Morning Coffee: Why Goldman Sachs bankers don't deserve to be paid the most. Old school cost-cutting at Merrill Lynch

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Does Goldman Sachs pay the most? That all depends upon whose statistics you look at. If you compare the average pay per head figures released by banks themselves, then Goldman is certainly among the most remunerative employers: it paid an average of $345k in 2015, compared to $298k at Credit Suisse's investment bank and $242k at Barclays'. However, if you look at pay comparisons produced by the likes of Emolument, then Goldman looks less generous: J.P. Morgan, Morgan Stanley and Deutsche Bank all pay their managing directors more than Goldman Sachs does.

And yet, Goldman still rules the roost in terms of pay for senior executives. CEO Lloyd Blankfein was awarded $30m in 2015. This was slightly below Blankfein's pay for 2014, but Bloomberg reports that this still made him the most generously rewarded executive on the whole of Wall Street last year. Goldman investors are not happy as a result: 33% of them just voted against the bank's 2015 compensation plan, compared to the 2% who voted against it for 2014.

So, why don't Goldman's senior executives deserve to be more lavishly treated than their peers? Goldman shareholders were reportedly peeved about the $5.1bn fine Goldman paid last year to assuage allegations that it didn't properly investigate mortgage-backed securities before it sold them as high quality debt during the boom years. That's not all though - Goldman's share price flat-lined in 2015, compared to a 6% increase at J.P. Morgan and a 16% increase at Morgan Stanley, and while firm won market share in equities and M&A, it lost market share spectacularly in fixed income currencies and commodities (FICC) last year. Fortunately (or unfortunately, if you work there), Goldman is already heeding the need to curtail its compensation: pay accruals fell by a massive 43% per head in the first quarter of 2016...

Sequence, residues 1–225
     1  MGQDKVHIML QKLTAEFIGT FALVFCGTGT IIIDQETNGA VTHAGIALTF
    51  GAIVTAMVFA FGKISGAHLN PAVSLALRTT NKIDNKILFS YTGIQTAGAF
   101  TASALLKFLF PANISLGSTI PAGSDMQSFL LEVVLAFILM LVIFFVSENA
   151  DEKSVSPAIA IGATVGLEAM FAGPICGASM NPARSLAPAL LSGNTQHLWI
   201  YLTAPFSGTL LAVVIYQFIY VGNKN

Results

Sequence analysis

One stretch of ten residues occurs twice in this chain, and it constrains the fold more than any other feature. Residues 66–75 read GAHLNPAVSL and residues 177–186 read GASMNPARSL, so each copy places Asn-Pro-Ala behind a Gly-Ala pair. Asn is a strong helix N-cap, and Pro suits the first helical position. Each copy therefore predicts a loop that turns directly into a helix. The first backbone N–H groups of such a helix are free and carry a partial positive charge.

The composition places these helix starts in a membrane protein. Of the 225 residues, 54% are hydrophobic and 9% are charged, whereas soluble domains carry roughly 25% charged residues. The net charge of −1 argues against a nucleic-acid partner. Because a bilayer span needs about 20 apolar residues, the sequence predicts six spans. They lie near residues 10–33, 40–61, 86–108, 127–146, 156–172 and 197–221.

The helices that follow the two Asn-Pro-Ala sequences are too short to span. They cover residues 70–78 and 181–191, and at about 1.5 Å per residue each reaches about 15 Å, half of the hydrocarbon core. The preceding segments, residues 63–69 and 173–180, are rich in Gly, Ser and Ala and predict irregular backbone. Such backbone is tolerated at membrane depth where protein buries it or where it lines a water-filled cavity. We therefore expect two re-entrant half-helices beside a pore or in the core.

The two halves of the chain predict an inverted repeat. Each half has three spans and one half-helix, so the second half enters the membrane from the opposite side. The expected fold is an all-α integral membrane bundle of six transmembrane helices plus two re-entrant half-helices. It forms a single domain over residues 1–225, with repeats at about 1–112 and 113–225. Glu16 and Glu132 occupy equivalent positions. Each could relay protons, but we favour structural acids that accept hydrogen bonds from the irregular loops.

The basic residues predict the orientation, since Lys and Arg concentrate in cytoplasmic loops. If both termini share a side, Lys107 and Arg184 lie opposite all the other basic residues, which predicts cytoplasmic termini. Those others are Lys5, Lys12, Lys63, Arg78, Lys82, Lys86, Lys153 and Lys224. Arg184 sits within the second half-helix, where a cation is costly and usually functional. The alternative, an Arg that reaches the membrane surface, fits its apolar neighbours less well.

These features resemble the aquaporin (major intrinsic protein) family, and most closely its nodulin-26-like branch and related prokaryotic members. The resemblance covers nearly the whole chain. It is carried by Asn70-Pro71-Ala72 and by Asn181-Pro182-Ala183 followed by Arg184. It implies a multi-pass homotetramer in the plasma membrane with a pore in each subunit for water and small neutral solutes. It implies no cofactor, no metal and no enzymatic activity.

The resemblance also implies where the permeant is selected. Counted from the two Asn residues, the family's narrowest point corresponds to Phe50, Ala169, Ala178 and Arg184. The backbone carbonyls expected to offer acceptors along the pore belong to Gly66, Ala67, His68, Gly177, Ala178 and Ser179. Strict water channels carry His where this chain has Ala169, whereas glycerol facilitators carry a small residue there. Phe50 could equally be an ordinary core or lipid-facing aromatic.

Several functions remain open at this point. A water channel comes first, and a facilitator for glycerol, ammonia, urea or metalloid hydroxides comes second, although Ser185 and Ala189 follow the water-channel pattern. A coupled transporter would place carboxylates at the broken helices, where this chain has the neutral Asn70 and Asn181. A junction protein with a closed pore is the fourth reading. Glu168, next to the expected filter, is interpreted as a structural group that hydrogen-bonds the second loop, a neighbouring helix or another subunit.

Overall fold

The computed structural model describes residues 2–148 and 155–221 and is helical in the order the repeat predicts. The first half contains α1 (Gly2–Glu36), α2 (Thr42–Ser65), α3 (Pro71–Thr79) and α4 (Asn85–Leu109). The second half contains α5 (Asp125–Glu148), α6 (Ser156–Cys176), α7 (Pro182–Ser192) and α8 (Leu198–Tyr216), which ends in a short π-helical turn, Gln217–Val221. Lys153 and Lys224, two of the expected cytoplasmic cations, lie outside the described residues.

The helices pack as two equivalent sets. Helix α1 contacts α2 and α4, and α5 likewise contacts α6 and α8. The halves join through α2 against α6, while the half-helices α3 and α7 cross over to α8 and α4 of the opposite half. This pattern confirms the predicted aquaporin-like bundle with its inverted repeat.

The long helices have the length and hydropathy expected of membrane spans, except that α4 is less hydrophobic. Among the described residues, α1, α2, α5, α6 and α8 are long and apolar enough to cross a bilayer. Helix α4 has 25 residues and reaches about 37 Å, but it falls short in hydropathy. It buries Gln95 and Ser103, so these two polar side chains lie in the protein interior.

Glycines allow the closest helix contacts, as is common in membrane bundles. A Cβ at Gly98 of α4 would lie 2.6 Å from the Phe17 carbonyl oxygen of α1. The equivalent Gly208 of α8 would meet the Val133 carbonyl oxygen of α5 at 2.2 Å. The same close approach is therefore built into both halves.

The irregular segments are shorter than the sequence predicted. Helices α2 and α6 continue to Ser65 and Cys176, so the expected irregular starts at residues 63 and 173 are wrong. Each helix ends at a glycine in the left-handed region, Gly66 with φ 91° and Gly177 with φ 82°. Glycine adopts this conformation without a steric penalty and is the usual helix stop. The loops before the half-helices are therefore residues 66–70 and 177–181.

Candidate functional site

Separately, who cares about hiring freezes and encouraging senior staff into retirement when you can cut costs by putting red dots on things? This is reportedly what Daniel Tully, a recently deceased former executive of Merrill Lynch did in the 1990s. Faced with the need to extract expense from the business, the WSJ says Tully, 'roamed the headquarters and stuck red dots on office equipment and furniture. Unless employees could prove within 24 hours that the gear was needed, it would be hauled away..'

“People hid from me,” Tully said, “They were afraid I’d put a red dot on their forehead...”


Morgan Stanley just made its head of equity syndicate head of fixed income syndicate too. (WSJ)  

“For the last three or four years, on a regular basis, there’s been misbehavior at Deutsche Bank.” (Bloomberg) 

Revenues fell 37% at Winton Capital last year, but the compensation pool rose by 79% and someone earned £11m. (Financial News) 

Morgan Stanley is moving about 75 jobs from its operations team in Shanghai to India and Hong Kong as it seeks to improve back-office efficiency. (Bloomberg)

Goldman executive offers advice on clammy hands at networking events: Hold your drink in your left hand so your right hand won’t be wet and clammy when shaking someone’s hand. (Goldman Sachs)

How to tell someone’s age when all you know is their name. (FiveThirtyEight)

There’s no point learning to code any more. (NYMag) 

When men make better golfers than women. (GolfDigest) 

Photo credit: Money by Nick Ares is licensed under CC BY 2.0.

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